From Publishers Weekly
Gilligan and Richards leave few stones unturned in this exploration of patriarchy throughout time, beginning with ancient Rome, focusing on its diametric relationship with democracy: "we lack a critical public understanding of this tension, in part because... Roman patriarchy has been absorbed into our religion and political culture." The authors examine patriarchy in many literary sources, from Oedipus Rex and the Bible to Hemingway, Joyce and Freud. Among other themes, they find repeatedly that "exposing the psychology underlying patriarchy touches a nerve so sensitive that it becomes inflammatory," for reasons that include "the dynamics of shame and violence... how closely questions of honor are aligned with questions of gender," and "how intricately gender is woven into the body, into language, and into identity and culture." Authors and gender scholars Gilligan (Kyra, In a Different Voice) and Richards (The Case for Gay Rights, Disarming Manhood) make it clear that patriarchy is omnipresent in our society; discussion of matriarchal societies and literature would have made an enlightening counterpoint. This exhaustive study will be of particular interest to gender studies professionals and students.
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"The Deepening Darkness leads to the light of understanding that there can be no true democracy in public life until we have democratic families and connections in private life. Gilligan and Richards have proven this link. Now it's up to us to live it."
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"This is a book with a grand thesis, and it should probably be thought of in the tradition of Hannah Arendt on evil, or Bruno Bettelheim. It argues that patriarchy remains the root of the evils of racism, sexism and much violence in contemporary society. More precisely, the book claims that patriarchy calls for and legitimates the traumatic disruption of intimate relationships, and the effect of such trauma in the human psyche is precisely to suppress personal voice and relationships and to identify with the patriarchal voice that imposed the disruption."
Simon Goldhill, Professor of Classics, Kings College, University of Cambridge
"This historically probing, gracefully literary, and deliciously detailed book brilliantly illuminates the mysterious psychological roots of political domination and defiance."
Stephen Holmes, Walter E. Meyer Professor of Law, NYU School of Law
"Far-ranging in its scope, compelling in its exposition and argument, informed by an inclusive, humane vision and imagination, this ambitious, richly perceptive synoptic study is firmly anchored in the insights and findings of recent scholarship. It brilliantly connects the ancient Roman world with our own. It illuminates as it forges other, riveting connections among a dazzling array of ostensibly disparate topics concerning contemporary Americans, and accords center stage to the role played by a series of canonized western literary masterpieces in making and sustaining these connections."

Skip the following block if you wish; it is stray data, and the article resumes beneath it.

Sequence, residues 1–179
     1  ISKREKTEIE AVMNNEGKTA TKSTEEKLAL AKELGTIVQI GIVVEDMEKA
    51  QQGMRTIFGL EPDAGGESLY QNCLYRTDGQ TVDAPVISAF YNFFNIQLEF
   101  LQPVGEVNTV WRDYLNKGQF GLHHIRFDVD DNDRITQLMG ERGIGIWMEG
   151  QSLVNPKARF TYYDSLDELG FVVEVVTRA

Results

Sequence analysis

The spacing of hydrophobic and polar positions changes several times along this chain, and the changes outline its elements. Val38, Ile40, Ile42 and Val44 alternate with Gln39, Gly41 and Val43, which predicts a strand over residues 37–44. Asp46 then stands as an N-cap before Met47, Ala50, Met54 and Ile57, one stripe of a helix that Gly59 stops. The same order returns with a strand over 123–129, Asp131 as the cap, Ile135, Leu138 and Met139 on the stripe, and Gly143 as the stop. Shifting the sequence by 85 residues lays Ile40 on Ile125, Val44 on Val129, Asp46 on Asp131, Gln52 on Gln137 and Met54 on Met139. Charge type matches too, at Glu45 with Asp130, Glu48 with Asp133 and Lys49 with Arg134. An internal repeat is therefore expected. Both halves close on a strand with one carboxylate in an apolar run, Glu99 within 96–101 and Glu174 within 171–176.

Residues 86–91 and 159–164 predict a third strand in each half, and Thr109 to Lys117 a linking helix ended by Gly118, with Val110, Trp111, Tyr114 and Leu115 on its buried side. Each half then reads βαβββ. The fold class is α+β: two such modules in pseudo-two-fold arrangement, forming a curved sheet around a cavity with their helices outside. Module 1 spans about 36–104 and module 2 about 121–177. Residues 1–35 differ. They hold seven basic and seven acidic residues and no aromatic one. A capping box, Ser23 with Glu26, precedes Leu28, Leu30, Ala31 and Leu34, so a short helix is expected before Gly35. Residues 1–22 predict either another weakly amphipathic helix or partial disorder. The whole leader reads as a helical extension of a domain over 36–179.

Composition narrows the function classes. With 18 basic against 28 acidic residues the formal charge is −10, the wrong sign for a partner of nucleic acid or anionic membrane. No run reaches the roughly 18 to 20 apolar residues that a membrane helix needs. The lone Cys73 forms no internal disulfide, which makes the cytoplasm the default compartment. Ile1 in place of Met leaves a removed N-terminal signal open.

Judith P. Hallett, Professor, Department of Classics, University of Maryland
"Carol Gilligan and David Richards have written a bold book that draws as palpably on their respective backgrounds in psychology and law as it does on their shared passion for literature. Using an immensely rich set of materials, they explore how patriarchy operates at the atomic level of human consciousness, and how, in doing so, it can destroy even its ostensible beneficiaries. These scholars see the world differently from you, and the book they have written may trigger a welcome conversion."
Kenji Yoshino, Chief Justice Earl Warren Professor of Constitutional Law, NYU School of Law
"The Deepening Darkness is that rare thing - a cultural study that is not only a delight to read, but one with important practical implications. Gilligan and Richards expose the fundamental organizing role of patriarchy in western consciousness and show that we have been wedded to a false story about human nature, resistance to which is understood as pathology or sin. They provide fascinating descriptions of the error being transmitted through social institutions, and point out its malignant impact on men and women alike. For example, they trace clearly how even psychoanalysis, which began by liberating the individual, became oppressive due to Freud's inability to escape the patriarchical demands embedded in his own psychology."
Owen Renik, former Editor-in-Chief of The Psychoanalytic Quarterly